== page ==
What To Do When RSUs Vest, Ep 41
We're back on the equity compensation train here. I know I've deviated a bit recently with other topics. However, I felt those were important enough to cover. Plus it's important to mix things up every so often. The topic of this episode is what the heck should you do with your RSUs once they vest? Sell, hold, a bit of both? We'll cover some of these items that you need to consider. As a reminder, RSU stands for restricted stock units and may be the simplest form of equity compensation.
You will want to hear this episode if you are interested in...
- Why RSUs may be the simplest form of equity compensation [1:07]
- Dumping your RSUs [3:47]
- Holding shares once they are in your control [6:46]
- The Goldilocks approach [9:04]
- This week’s FLASHBACK [10:28]
What is an RSU?
RSU stands for restricted stock units and they may be the simplest form of equity compensation. A restricted stock unit is a right to receive stock after you've satisfied any conditions imposed by the company, the conditions can be working for the company for a certain amount of time, or maybe hitting a sales goal. If you meet the conditions, you get the shares. If not, well, you don't get them. Pretty simple.
The taxation of your RSUs is dependent on what you decide to do with them. Your options are dumping them, keeping them, or something in between. Listen to the episode for more on which tax rules apply to which option.
Let’s talk about options...
Option 1: Dump them. Dump may be a harsh word, but it's an easy option to the question of what to do with your restricted stock units. You know, it's just simply to sell them as soon as they best are in your control
Option 2: This option is the flip-side of the first. It's holding onto the shares once in your control. There are two reasons I see people choose this option. First, is the employee firmly believes in the long-term performance of their company stock. The next, and more common reason I see people hold, is that they just never elected to sell the shares either due to laziness or forgetfulness.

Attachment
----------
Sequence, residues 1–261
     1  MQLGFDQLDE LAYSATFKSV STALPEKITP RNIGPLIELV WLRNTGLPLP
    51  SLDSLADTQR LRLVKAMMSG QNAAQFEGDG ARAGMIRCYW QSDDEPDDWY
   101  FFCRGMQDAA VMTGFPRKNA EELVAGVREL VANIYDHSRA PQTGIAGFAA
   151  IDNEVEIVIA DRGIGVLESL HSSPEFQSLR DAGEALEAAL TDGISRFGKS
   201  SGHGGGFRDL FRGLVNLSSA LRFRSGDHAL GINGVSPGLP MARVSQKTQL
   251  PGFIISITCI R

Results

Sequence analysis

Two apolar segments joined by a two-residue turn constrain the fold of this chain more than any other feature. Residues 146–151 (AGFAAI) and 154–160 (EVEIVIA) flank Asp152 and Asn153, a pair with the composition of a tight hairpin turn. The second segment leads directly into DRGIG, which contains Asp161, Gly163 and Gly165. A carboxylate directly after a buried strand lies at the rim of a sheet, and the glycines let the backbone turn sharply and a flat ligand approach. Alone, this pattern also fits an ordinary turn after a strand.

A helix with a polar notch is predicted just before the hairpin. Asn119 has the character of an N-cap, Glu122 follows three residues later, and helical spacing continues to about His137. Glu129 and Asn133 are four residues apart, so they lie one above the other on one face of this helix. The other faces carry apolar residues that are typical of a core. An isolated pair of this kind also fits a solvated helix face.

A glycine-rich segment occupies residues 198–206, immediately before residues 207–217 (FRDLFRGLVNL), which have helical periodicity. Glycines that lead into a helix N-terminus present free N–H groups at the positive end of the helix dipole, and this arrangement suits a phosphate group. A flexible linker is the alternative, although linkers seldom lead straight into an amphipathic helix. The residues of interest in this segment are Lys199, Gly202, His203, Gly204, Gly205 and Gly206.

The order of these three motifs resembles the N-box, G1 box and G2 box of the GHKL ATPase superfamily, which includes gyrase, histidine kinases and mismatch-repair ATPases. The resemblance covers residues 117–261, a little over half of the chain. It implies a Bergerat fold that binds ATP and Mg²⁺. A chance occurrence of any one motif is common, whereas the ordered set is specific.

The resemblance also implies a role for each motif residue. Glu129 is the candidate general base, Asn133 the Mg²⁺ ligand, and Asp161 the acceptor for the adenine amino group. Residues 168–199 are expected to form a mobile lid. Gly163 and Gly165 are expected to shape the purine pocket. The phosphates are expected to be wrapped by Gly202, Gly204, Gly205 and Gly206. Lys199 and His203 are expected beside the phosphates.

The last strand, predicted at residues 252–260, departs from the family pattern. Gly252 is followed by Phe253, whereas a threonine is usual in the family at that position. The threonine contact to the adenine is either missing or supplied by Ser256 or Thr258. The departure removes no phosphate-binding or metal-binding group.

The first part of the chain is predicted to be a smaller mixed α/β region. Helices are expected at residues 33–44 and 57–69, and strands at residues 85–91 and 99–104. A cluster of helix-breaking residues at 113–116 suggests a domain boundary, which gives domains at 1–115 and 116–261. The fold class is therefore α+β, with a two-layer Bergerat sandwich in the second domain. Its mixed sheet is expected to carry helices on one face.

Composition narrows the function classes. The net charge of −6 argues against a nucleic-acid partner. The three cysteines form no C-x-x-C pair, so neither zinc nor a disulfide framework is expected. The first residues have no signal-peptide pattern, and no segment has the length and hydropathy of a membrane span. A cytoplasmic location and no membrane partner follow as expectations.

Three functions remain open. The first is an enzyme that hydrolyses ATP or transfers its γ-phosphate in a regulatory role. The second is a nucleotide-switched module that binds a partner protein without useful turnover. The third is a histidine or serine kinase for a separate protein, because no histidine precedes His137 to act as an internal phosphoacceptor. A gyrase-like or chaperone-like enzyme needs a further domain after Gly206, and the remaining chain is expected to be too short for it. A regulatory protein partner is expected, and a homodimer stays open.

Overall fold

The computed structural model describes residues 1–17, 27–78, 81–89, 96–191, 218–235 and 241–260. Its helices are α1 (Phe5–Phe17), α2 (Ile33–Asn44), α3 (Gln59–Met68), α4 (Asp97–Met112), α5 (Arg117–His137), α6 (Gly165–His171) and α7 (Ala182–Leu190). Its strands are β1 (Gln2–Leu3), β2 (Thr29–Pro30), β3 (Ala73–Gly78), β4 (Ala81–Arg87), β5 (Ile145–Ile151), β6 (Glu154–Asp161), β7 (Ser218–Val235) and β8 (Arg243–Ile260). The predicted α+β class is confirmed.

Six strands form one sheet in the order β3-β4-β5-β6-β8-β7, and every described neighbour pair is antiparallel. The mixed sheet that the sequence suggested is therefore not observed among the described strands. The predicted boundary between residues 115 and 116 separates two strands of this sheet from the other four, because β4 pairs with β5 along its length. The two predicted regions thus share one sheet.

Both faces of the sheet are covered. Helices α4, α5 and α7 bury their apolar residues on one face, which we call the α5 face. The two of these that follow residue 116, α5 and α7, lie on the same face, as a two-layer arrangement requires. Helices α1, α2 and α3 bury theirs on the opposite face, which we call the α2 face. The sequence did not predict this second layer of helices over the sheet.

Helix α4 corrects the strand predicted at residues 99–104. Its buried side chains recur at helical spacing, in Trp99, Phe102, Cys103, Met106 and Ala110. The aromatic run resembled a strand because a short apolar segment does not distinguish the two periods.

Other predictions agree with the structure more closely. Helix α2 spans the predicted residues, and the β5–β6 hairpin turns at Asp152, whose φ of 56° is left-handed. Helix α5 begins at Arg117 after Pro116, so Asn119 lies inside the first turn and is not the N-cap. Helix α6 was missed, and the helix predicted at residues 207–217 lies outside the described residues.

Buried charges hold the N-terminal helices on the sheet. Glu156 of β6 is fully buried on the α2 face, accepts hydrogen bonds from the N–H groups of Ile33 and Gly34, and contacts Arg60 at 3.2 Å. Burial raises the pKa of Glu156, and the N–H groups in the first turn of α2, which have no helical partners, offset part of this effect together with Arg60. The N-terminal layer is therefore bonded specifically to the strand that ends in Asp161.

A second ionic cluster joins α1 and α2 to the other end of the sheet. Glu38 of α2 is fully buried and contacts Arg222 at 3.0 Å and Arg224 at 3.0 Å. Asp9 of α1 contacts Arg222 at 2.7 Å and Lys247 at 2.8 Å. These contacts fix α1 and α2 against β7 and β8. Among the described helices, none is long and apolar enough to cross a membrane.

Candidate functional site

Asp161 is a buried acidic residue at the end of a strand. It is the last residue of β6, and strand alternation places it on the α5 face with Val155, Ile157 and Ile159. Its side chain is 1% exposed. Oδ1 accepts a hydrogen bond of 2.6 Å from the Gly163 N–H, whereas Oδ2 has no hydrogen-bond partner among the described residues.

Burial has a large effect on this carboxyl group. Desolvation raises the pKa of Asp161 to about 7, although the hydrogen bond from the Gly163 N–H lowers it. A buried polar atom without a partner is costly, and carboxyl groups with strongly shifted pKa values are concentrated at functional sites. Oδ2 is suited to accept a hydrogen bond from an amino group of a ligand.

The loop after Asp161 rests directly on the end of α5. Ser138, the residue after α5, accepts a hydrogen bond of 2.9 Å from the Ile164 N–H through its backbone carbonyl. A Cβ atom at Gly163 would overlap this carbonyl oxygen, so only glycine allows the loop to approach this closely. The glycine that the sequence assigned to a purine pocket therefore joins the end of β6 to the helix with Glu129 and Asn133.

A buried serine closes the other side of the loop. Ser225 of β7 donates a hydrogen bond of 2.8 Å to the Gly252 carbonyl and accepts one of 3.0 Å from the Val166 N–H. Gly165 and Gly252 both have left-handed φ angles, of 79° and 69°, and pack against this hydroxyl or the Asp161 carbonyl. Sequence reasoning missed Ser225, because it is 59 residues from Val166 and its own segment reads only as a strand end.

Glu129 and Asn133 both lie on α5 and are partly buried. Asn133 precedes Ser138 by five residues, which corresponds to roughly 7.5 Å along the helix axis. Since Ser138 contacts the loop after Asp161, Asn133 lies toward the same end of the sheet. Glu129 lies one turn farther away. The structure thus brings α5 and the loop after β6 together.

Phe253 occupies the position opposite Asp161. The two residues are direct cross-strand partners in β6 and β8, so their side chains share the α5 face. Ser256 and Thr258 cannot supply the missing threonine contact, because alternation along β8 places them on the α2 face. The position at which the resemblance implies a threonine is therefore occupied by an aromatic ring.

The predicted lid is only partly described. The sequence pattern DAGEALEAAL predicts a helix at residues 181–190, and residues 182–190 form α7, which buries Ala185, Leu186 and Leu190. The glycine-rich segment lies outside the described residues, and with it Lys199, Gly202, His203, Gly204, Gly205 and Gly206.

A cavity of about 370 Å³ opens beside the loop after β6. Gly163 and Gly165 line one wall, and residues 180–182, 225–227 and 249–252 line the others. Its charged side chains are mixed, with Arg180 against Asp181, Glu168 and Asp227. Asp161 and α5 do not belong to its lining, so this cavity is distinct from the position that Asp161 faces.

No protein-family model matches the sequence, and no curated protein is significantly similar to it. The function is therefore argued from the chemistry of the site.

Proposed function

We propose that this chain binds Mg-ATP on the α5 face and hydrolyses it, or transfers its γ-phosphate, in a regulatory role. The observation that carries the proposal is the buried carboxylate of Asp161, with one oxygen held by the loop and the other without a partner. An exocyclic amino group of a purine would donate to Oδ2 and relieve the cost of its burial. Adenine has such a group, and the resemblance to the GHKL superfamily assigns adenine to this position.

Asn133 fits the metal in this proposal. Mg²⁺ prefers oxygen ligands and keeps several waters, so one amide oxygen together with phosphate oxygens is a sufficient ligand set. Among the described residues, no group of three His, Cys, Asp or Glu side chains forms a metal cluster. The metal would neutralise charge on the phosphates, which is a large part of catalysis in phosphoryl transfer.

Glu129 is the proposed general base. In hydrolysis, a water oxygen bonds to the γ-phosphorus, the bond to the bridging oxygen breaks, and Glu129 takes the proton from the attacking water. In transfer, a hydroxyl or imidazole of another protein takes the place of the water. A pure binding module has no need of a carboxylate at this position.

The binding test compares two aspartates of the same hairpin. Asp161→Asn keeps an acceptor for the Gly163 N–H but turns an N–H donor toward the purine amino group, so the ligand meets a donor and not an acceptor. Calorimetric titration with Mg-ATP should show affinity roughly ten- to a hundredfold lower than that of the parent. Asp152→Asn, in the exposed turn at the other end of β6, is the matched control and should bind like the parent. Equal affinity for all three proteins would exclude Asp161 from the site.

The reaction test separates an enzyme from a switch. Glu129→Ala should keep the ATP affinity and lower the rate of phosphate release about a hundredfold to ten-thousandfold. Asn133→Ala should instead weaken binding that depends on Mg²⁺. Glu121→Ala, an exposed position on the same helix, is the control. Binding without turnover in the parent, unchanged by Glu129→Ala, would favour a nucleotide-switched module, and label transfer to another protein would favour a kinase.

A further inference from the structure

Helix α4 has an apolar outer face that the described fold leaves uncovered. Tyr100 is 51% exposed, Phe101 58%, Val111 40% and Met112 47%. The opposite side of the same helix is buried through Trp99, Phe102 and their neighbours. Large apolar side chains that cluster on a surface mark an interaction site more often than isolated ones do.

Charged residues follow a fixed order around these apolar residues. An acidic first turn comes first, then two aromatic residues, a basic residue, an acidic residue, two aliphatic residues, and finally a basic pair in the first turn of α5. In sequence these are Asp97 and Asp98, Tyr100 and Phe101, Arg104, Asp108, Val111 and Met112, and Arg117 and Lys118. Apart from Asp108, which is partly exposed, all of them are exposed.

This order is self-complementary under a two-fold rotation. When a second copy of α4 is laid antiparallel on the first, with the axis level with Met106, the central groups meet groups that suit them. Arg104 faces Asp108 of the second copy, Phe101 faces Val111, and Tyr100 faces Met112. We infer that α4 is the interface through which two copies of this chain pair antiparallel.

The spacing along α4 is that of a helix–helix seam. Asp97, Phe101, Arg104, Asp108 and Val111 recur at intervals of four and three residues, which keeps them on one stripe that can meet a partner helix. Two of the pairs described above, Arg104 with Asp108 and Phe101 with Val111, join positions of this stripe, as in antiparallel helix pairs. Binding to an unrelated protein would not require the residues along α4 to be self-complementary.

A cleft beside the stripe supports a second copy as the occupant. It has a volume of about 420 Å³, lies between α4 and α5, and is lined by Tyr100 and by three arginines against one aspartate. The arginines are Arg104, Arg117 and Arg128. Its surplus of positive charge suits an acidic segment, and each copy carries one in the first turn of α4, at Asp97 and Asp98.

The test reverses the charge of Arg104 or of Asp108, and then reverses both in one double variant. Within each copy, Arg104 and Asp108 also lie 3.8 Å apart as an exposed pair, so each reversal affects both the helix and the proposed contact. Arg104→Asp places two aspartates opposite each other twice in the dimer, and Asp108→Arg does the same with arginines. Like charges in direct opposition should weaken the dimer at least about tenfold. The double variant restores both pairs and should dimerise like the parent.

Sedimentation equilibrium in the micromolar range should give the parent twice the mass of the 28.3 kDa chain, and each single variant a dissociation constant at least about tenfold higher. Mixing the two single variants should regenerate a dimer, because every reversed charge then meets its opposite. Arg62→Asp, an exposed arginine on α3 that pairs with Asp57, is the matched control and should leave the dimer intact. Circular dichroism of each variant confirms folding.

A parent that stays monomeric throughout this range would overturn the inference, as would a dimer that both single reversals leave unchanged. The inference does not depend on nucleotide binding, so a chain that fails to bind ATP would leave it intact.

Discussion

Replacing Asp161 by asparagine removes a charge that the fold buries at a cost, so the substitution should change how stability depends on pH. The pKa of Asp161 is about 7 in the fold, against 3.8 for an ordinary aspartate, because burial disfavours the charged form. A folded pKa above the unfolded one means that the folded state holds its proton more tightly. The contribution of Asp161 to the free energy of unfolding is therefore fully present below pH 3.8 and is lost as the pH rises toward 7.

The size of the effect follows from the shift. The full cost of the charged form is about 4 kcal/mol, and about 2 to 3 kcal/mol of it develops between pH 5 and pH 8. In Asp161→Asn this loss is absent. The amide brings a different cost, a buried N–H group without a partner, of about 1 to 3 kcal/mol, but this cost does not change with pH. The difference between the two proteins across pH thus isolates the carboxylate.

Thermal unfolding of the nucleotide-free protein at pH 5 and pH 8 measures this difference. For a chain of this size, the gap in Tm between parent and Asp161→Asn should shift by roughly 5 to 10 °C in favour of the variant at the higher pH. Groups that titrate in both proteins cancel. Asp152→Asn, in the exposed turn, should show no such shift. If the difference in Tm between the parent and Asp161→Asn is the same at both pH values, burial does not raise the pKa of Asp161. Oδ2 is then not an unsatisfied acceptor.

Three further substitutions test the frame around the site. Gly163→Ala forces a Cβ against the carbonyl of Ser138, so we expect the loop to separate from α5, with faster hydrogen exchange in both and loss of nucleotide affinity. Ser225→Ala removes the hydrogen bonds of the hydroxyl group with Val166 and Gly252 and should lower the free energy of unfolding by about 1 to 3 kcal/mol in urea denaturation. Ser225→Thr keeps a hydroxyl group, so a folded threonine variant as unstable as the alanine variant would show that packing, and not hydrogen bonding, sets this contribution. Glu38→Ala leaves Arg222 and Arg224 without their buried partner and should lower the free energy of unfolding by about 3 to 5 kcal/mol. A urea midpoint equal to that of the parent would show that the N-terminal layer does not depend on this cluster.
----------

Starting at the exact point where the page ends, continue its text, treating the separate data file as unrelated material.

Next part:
Option 3: Your final option is figuring out the right balance of the first two approaches, selling some, and holding the rest. This is the approach I use with clients.
For more on each option go check out the episode!
This week’s FLASHBACK: Fireworks Wars
The street I grew up on had lots of kids the same age. We used to hang out a lot. It was around the 4th of July we ended up with some of our most epic adventures, at least for a few years. I don't recall which parent was crazy enough to supply us with fireworks. But I do remember one neighbor who was a physician lighting them with us so it wasn't just a bunch of dumb kids. Fireworks wars needed two basic supplies. Bottle Rockets and Roman Candles.
Now I never had luck with firing bottle rockets at friends in these fireworks wars. I either held the stick too tight or too loose in my fingers. So the stupid thing would either drop and explode or blow up in my hand. Fortunately, these were weak enough not to cause any damage. My brother was pretty lethal with them. He had the right touch. Now, Roman candles, those were more my speed. You just held the tube, lit it, and you had like eight shots of fireballs to launch toward your opponent. These were expensive and we didn't have very many, your aim had to be solid to use them. This was definitely a situation of shooting your eye out, but it's a great memory from when I was a kid.
Resources & People Mentioned
I’m Dan Johnson, CFP®, founder of Forward Thinking Wealth Management. I run a flat-fee financial planning and investment management firm located in beautiful Akron, OH. Although I am in Akron, OH, I work with clients regardless of location. I cater to owners of equity compensation positions who are looking to organize their financial lives, keep more of what they make, and do the things they want in retirement and even now.